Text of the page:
Random Thoughts On Sonoma
Just when the IndyCar Series gives you no reason to suspect that yesterday’s GoPro Grand Prix of Sonoma would be anything but a snoozer, they go and throw you a curve. After a caution-free race at Mid-Ohio, yesterday’s race was almost comical with the amount of minor on-track skirmishes that saw a lot of carbon fiber pieces flying and tempers flaring resulting in an event-record seven cautions. In the end, there was one controversial call that may have decided this year’s championship.
Scott Dixon led for the majority of the race until a routine pit-stop incident late in the race brought the fury of some and the delight of others. He was assessed a drive-through penalty and finished fifteenth. Will Power, who was running second at the time, inherited the lead and went on to take his first win of the season. More on the call and the penalty later.
We had an indication of how the day was going to go on the first lap as the Mid-Ohio winner, Charlie Kimball, spun and brought out the first full-course yellow. It was pretty much downhill from there.
The large amount of yellows prevented the race from developing any type of rhythm throughout the day. Several drivers drove like they were driving for their jobs. Others drove like they had their head in an inconvenient place. EJ Viso comes to mind. Marco Andretti also drove more like the old Marco than the newer and wiser Marco.
Altogether it was a sloppy day at the track that was punctuated by a very controversial call and topped off with a humorous comment from Scott Dixon regarding the call afterward. Thank goodness the series reconvenes on the opposite coast in Baltimore just five days from now, instead of the five week gap that awaits drivers, teams and fans after the Baltimore race. It’ll be interesting to see if the emotions from all parties will have cooled off by then.
TV Coverage: I’m not sure who was to blame, but throughout Saturday’s qualifying show, there was a Firestone commercial that ran at least twice that finished with an ad for the Grand Prix of Sonoma in two weeks on Aug 25. No big deal, but someone fell asleep on that one.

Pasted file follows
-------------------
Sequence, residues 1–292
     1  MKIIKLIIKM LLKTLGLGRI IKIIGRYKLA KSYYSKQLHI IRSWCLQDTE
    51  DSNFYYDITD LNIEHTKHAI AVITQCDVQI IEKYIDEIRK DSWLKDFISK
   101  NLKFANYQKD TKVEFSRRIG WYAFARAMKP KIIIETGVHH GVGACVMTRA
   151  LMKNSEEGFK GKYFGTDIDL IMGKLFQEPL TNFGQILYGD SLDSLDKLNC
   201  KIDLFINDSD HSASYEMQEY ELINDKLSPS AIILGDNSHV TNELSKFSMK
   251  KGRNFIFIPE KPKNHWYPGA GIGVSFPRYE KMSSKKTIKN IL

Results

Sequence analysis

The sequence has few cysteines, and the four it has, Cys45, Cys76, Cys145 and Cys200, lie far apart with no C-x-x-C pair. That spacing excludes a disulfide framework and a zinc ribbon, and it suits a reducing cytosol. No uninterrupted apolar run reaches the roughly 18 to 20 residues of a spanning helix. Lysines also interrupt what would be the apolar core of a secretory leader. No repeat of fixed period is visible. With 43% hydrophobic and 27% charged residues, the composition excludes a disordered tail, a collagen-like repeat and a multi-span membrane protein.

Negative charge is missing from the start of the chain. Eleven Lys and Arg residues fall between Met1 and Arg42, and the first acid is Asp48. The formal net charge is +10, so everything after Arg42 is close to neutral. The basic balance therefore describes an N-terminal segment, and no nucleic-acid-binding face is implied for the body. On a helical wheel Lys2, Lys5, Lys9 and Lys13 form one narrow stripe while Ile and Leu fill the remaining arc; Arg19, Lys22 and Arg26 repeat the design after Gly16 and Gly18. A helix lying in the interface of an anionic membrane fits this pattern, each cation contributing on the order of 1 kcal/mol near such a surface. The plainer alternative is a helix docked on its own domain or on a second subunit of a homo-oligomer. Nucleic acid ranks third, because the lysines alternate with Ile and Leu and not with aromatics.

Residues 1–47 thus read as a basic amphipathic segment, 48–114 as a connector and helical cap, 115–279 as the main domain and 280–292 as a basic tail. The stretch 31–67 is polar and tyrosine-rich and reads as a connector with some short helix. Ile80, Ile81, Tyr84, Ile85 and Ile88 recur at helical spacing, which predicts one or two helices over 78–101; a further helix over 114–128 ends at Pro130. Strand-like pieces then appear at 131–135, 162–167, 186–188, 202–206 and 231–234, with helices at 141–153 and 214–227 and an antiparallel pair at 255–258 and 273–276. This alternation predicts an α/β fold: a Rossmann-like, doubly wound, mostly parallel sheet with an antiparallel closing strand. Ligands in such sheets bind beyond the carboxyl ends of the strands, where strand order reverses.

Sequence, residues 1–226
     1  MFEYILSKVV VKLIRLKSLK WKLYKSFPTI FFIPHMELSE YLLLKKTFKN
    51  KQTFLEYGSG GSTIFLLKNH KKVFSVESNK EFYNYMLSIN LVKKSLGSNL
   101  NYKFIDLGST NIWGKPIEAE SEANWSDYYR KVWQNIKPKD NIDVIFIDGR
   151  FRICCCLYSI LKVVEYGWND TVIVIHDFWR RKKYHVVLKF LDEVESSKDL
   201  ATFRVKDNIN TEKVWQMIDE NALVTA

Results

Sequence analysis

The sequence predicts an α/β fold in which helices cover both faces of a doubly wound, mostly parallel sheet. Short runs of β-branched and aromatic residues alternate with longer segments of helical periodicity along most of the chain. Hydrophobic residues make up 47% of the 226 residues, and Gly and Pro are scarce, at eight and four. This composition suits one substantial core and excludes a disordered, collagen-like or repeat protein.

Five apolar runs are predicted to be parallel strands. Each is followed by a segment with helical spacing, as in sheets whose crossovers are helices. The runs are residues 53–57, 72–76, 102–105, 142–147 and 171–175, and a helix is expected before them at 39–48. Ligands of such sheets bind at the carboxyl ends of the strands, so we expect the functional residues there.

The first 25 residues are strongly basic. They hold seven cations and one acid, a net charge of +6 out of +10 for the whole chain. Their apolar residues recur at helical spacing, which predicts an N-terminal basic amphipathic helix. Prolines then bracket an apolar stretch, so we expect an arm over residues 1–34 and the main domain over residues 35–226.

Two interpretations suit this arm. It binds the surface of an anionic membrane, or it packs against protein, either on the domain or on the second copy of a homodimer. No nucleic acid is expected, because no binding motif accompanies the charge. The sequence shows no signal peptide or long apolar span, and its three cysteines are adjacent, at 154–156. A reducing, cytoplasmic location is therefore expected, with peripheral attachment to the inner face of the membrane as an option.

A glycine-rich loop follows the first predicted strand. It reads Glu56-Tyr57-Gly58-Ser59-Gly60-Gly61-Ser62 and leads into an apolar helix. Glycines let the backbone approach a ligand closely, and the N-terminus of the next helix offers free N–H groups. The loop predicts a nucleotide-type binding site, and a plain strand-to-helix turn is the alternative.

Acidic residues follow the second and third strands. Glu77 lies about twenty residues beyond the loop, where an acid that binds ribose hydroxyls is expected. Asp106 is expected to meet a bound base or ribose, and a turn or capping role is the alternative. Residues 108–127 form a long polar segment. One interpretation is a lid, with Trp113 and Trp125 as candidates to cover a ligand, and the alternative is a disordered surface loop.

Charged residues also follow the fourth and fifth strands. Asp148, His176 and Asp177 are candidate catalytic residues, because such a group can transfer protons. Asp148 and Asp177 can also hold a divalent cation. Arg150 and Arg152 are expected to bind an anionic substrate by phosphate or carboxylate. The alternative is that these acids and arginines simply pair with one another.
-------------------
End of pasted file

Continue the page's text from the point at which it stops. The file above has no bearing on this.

The entire “regular” NBCSN crew was on hand this weekend, for the first time in quite a while. Leigh Diffey does a good job as traffic cop between Townsend Bell and Wally Dallenbach. They both bring an interesting perspective, although I put more weight in what Bell says. Not only has he driven IndyCars – he has driven a DW12 in competition as recently as May. So his point of view is fresh and much more relevant. Still, Wally makes some good points as well.
Kevin Lee and Jon Beekhuis were their usual stellar selves, but I took issue with Marty Snider’s interview with Ganassi Racing’s Mike Hull regarding the pit road incident. Mike Hull was extremely fair and gracious during the interview. Not once did he assign blame, but instead stressed the importance of safety for the crew members. Snider then proceeded to put words in Hull’s mouth by asking “So are you saying you think it was intentional?” Mike Hull would have been justified by blowing up. Instead he just re-emphasized what he had said earlier. There was enough controversy swirling around without trying to manufacture some sensationalism. Come on Marty. You’re better than that.
The Call: First, my disclaimer. I am pulling for Helio Castroneves to win the championship, so my feelings may be slightly skewed, but I’m trying to be as objective as possible as I write.